San Diego City Auditor John Torell has yet to decide whether he will audit bills submitted by the big-name and high-priced (up to $900 an hour) outside consultants who comprise the City Council's audit committee.
To date, the audit committee-staffed by the international consulting firm Kroll Inc. and charged with reconciling conflicting investigations of the city's pension mess-has racked up more than $171,000 in "out-of-pocket disbursements" over a five-month period, prompting City Attorney Mike Aguirre to blame City Manager Lamont Ewell for mismanaging their contract and call for an audit.
In a recent editorial, CityBeat also called for an audit of Kroll's expenses.
What exactly are out-of-pocket disbursements? According to invoices submitted by Kroll, they include meals, ground transportation, airfare, hotels, telephone fees, postage and other office expenses.
What those vague invoices don't explain is that some audit committee members have been living high on the hog-reportedly traveling San Diego's pockmarked streets in stretch limousines and staying at posh downtown hotels-all at taxpayer expense.
Larry Tomanek, the city's assistant auditor and comptroller, said members of Torell's staff are currently gathering information related to Kroll's contract with the city but said he wouldn't characterize that research as an audit.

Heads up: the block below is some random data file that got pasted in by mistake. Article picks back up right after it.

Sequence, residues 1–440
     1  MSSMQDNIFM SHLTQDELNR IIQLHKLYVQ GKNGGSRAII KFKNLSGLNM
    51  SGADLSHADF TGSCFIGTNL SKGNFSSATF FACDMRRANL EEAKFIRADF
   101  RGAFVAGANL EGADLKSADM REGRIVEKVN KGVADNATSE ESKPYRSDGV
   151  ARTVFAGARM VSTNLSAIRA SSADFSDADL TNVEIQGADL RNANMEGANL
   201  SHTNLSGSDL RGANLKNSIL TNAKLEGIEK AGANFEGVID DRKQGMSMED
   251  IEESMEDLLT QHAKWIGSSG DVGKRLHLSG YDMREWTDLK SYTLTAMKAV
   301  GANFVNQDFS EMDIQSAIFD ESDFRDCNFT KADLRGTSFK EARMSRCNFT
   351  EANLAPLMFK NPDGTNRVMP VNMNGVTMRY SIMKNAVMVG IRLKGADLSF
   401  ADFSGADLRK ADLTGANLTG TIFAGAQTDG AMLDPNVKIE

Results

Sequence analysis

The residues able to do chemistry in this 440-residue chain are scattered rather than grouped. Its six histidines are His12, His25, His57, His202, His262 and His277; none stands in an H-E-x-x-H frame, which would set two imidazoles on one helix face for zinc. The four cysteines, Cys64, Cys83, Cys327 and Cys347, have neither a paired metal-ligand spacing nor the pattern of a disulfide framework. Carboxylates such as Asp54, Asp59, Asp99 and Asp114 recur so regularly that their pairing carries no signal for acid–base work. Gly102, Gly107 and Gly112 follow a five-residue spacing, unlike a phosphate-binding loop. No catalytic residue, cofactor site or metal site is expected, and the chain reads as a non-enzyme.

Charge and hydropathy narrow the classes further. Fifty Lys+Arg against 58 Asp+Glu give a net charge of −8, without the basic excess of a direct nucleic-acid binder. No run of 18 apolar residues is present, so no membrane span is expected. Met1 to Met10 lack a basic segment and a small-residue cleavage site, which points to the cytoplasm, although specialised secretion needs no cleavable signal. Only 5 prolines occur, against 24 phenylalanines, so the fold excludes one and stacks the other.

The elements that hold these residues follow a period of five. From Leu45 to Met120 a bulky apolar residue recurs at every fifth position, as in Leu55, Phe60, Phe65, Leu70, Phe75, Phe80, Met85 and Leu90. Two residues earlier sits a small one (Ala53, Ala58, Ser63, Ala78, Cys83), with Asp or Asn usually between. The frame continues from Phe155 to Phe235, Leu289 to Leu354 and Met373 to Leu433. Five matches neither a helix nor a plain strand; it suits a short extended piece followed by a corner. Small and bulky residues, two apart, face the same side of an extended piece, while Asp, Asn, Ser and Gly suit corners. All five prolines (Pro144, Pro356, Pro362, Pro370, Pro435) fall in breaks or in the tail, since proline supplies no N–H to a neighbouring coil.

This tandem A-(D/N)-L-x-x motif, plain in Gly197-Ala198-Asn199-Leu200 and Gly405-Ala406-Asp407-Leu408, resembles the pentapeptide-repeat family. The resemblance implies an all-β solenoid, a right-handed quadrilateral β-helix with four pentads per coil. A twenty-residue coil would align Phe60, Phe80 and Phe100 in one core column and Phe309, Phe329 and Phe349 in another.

"Right now it is a preliminary analysis, a preliminary review to determine if more work is warranted, and, if so, how much more work is warranted and what direction to go in," he said.
Kroll's out-of pocket disbursements came to light after CityBeat showed Aguirre copies of the Kroll invoices, which were obtained from the city manager's office using a public-records-act request. Aguirre then raised the issue at an August City Council meeting, during which he chastised former Securities and Exchange Commission chairman Arthur Levitt and his underlings for taking advantage of a city that's already in financial ruin.
When Aguirre raised the specter of limo rides, the consultants from Kroll bristled with indignation, but, as of press time Tuesday, Troy Dahlberg, the Kroll consultant whose name appears on the invoices, had yet to respond to CityBeat's request for comment.
Richard Rider, a taxpayer advocate who ran unsuccessfully in the recent mayoral primary election, said he's reviewed some of the expenses but wasn't aware that audit committee members were riding in limousines."There's a sense that the city doesn't watch costs very well," he said. "I think the audit idea is a good idea."